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Update: Private Prisons, Public Documents: A Magazine Gets the Inside Scoop

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Lee Adjustment Center in Beattyville, Ky. - COURTESY OF CHARLES BERTRAM/LEXINGTON HERALD-LEADER
  • courtesy of charles bertram/lexington herald-leader
  • Lee Adjustment Center in Beattyville, Ky.

Prison Legal News is a national monthly magazine for incarcerated people and their families. More than two years ago, it set out to learn how Corrections Corporation of America, a private company that houses roughly 500 Vermont inmates at prisons in Kentucky and Arizona, handled complaints about inmate injuries and health problems.

In May 2012, the magazine filed a public records request asking CCA for copies of health-related grievances and resulting settlements specific to its Vermont prisoners.

CCA initially ignored the request, and then, when the magazine sued, refused to turn the records over. The Tennessee-based company argued that as a corporation, it was not subject to Vermont's public records law, which generally allows for access to government records.

Prison Legal News countered that because CCA operates under a state contract, it is essentially a government entity that is answerable to the public.

Last January, Prison Legal News survived a preliminary challenge to its lawsuit, but several hurdles remained before it could gain access to the records. A courtroom loss, said editor Paul Wright, would make it nearly impossible for the public to learn about the living conditions of Vermont inmates in CCA prisons.

UPDATE: Score one for the fourth estate. Prison Legal News gained access to almost every single record it wanted after CCA decided to hand them over before a judge ruled. PLN editor Wright said his magazine obtained records from 14 incidents. In each, Vermont inmates filed legal complaints for injuries they said they suffered inside CCA prisons.

Wright said the records show that inmates who suffer serious injuries often settle for seemingly small amounts of money — often without ever hiring an attorney.

Among the settlements handed out by CCA, Wright said: One Vermont inmate got $25,000 as a result of an alleged staff assault; another, who allegedly waited three years for a hernia operation, received $45,000 for medical neglect; and a case of "deliberate indifference" was settled for $4,000.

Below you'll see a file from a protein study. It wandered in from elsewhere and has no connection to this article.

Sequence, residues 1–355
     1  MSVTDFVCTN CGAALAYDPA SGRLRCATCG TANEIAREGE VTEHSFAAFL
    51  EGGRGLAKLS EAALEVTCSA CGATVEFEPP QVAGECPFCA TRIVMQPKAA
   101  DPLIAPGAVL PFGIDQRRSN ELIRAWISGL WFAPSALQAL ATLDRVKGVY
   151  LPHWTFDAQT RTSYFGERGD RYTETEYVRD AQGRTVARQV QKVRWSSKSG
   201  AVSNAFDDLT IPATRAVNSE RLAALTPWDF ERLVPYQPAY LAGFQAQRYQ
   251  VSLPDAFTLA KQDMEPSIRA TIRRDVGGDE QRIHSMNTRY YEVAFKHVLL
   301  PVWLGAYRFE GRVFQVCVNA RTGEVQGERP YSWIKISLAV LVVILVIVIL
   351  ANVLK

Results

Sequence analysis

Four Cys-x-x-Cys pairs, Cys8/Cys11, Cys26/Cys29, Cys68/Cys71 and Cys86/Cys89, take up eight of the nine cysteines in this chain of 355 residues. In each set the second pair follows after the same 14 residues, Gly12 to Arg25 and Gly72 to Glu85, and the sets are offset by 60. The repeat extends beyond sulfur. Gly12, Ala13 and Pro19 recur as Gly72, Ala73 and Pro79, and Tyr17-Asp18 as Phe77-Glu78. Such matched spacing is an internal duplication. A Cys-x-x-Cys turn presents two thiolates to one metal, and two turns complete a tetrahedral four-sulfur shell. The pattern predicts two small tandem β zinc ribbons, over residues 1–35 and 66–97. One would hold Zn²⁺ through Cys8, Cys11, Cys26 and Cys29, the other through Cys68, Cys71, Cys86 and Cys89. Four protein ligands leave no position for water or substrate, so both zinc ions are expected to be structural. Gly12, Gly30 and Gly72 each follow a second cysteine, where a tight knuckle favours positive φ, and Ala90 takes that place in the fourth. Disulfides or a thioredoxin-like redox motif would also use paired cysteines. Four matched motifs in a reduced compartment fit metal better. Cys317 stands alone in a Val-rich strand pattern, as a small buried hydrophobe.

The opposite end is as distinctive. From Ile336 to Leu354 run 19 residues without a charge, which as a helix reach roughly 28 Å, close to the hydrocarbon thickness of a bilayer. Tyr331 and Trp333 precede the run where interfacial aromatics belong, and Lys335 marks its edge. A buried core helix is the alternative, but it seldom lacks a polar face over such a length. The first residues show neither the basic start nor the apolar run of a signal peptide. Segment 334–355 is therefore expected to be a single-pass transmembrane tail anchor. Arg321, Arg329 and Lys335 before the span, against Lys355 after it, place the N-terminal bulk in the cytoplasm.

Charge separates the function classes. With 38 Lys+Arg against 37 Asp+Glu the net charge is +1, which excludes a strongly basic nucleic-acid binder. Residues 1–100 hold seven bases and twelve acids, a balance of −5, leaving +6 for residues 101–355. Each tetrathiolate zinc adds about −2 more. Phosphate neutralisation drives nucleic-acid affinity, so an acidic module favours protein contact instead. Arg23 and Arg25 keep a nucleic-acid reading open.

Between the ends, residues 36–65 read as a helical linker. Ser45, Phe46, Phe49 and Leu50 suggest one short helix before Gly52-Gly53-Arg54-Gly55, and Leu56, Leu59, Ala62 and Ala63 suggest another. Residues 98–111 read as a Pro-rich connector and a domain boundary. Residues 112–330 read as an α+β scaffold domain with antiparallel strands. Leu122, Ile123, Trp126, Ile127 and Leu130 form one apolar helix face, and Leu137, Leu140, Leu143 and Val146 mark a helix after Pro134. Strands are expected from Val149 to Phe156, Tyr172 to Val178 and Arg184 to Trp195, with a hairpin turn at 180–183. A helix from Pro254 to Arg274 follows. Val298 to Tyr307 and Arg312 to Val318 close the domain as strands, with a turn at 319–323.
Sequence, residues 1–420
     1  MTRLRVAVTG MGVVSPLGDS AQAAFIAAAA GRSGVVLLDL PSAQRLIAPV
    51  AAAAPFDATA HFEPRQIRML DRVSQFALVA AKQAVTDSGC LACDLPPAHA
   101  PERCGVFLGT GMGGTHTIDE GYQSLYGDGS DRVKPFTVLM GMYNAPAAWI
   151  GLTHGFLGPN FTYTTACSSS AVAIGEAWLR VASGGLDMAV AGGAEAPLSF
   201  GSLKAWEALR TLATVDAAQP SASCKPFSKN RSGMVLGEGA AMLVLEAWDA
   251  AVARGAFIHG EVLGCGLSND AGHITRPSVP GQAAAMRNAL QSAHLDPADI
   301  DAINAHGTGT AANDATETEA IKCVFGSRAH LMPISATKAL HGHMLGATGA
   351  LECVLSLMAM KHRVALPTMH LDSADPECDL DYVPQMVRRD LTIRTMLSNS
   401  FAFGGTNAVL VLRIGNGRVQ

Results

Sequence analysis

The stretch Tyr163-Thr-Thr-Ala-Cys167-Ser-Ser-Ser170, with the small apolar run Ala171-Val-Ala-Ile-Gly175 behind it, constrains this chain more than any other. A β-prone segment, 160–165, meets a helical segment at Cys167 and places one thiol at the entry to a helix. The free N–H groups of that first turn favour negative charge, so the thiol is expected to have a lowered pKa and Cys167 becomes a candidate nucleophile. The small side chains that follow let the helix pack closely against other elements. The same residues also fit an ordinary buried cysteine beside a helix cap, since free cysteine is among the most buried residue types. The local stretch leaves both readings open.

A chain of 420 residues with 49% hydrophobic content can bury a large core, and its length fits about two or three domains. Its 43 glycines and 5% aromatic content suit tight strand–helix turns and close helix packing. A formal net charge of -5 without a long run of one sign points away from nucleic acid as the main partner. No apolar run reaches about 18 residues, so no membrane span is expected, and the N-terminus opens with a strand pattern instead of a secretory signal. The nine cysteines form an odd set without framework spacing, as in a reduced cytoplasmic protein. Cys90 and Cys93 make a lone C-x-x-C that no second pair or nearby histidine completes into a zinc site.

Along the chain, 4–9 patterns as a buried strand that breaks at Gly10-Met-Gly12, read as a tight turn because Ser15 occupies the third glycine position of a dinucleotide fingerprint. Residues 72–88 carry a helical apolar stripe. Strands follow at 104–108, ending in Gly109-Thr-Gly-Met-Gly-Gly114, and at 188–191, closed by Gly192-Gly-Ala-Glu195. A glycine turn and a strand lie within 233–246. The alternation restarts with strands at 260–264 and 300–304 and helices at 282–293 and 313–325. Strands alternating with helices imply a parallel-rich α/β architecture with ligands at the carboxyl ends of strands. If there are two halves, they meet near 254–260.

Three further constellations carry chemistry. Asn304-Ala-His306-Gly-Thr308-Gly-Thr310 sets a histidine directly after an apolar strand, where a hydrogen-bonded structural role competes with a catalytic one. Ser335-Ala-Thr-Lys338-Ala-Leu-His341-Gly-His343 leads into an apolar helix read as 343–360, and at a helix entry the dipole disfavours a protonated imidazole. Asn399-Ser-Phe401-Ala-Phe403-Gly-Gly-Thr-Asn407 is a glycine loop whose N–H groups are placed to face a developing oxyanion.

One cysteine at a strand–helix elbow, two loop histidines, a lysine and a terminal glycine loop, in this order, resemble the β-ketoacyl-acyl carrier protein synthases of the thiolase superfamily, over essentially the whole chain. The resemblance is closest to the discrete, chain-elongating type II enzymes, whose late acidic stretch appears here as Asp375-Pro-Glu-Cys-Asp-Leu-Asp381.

"They're good at minimizing their liability and expenses," Wright said of CCA. "For people that don't have a lot of money, what is objectively a paltry sum can seem like a lot of money."

Prison Legal News has scored similar wins in cases against prison companies in Texas and Tennessee. Wright said the magazine plans to publish all of the Vermont records in the coming weeks, along with an accompanying story.

"We fought long and hard," Wright said. "We publish everything."

The only downside, Wright said, is that CCA's decision to capitulate before a trial means there was no judicial ruling on Vermont's public records law and whether CCA is subject to it. Dan Barrett, staff attorney for the Vermont branch of the American Civil Liberties Union, which represented Prison Legal News, said he is spoiling for another legal fight.

"The position we take is that public agencies can't contract around the public records act," Barrett said, adding he's "happy to file suit again" if another organization requests records. "We're definitely looking for a ruling on the issue in Vermont."

Asked to comment, CCA spokesman Steve Owen said in a prepared statement, "Transparency is a critical part of the relationships we have with our government partners and the taxpayers they serve. We comply with all applicable open records laws and share information freely with our government partners."

The original print version of this article was headlined "Private Prisons, Public Documents: A Magazine Gets the Inside Scoop"

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